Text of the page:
House Committee Considers E-Cigarette Ban for Minors

E-cigarettes vaporize a liquid solution for inhalation. They have grown steadily in popularity since they were introduced in 2005.
E-cigarettes vaporize a liquid solution for inhalation. They have grown steadily in popularity since they were introduced in 2005.

A week after the Texas Senate passed a bill to prevent minors from buying electronic cigarettes, House lawmakers on Tuesday considered similar legislation they say would protect young Texans from addictive nicotine products.

The House Public Health Committee took up five bills that would extend current restrictions on tobacco products to vapor products like e-cigarettes. Texas retailers are banned from selling cigarettes and other tobacco products to customers younger than 18, but sales of e-cigarettes to minors are allowed.

Texas is one of nine states that allow minors to buy e-cigarettes, which are considered less toxic than conventional cigarettes but contain the addictive substance nicotine.

State Rep. Nicole Collier, D-Fort Worth, author of a bills that would ban e-cigarette sales to minors, said her 14-year-old daughter could walk down the street from her school, enter a shop and legally purchase an electronic cigarette. 

“As a parent, I’m not comfortable with this situation,” Collier said. Right now, she said, it’s left to individual business owners to choose not to sell vapor products to minors. 

 

Bills filed by Collier and fellow Reps. Jason Isaac, R-Dripping Springs; Ryan Guillen, D-Rio Grande City; Oscar Longoria, D-Mission; and Chris Paddie, R-Marshall, would all restrict the sale of e-cigarettes to people younger than 18 years old. The bills differ mainly by referring to the products they seek to ban as either “vapor products,” “nicotine products” or “e-cigarettes.” The committee did not vote on any of the bills Tuesday.

Electronic cigarettes have grown steadily in popularity since they were introduced in 2005 and now represent a $3 billion industry worldwide, according to the World Health Organization. They are often marketed as a method for smokers to quit tobacco cigarettes.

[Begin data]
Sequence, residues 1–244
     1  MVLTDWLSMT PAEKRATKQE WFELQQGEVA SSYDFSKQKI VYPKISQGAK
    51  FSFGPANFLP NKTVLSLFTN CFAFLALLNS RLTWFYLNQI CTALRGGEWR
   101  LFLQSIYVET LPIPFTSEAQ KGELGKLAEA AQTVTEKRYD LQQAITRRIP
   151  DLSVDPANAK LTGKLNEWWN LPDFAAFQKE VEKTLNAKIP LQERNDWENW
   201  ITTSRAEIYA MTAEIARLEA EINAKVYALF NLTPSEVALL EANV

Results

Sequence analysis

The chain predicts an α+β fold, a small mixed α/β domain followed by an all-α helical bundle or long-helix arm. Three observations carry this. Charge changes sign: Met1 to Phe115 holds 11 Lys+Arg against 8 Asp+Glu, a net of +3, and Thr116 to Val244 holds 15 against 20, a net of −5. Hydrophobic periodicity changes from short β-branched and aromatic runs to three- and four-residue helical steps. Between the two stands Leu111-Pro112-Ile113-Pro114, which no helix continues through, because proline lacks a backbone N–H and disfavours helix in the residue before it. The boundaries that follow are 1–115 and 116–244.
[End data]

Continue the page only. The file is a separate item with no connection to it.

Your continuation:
But there’s concern that e-cigarettes can also act as a gateway to more harmful tobacco products.

Last week on the Senate floor, state Sen. Juan “Chuy” Hinojosa, D-McAllen, called e-cigarettes “training devices” that young people use before moving on to products like tobacco cigarettes. The Senate passed Hinojosa’s Senate Bill 97 to make it illegal to sell e-cigarettes to minors. 

The World Health Organization has also warned that with fruit and candy-like flavors, e-cigarettes can seem even more attractive to youths.

On Tuesday, several high school students from Central Texas testified in favor of restricting e-cigarette sales.

“Texas has the opportunity with this bill to create environments that are safer, cleaner and healthier for children now and in the future,” said James Collins, a Hays High School senior and vice chairman of the Kyle Area Youth Advisory Council. The group started advocating against electronic cigarette use by minors after several students noticed classmates "vaping" on campus.

“The e-cigarette is the device, and the vapor is the component that can actually cause harm to health,” Collins said. “In addition to nicotine being in the vapor, minors can also use the device as a way to deliver hash oil and even methamphetamine. The exploitation of the device, specifically vaporization, goes a lot deeper.”

Andy Garza, a junior at Lehman High School in Kyle, told the story of a friend who felt addicted to e-cigarettes.

“She didn’t know that it was addictive, because many people are misinformed,” Garza said. “They think it’s healthy. They think there’s nothing wrong with it. They think it’s fun.”

 

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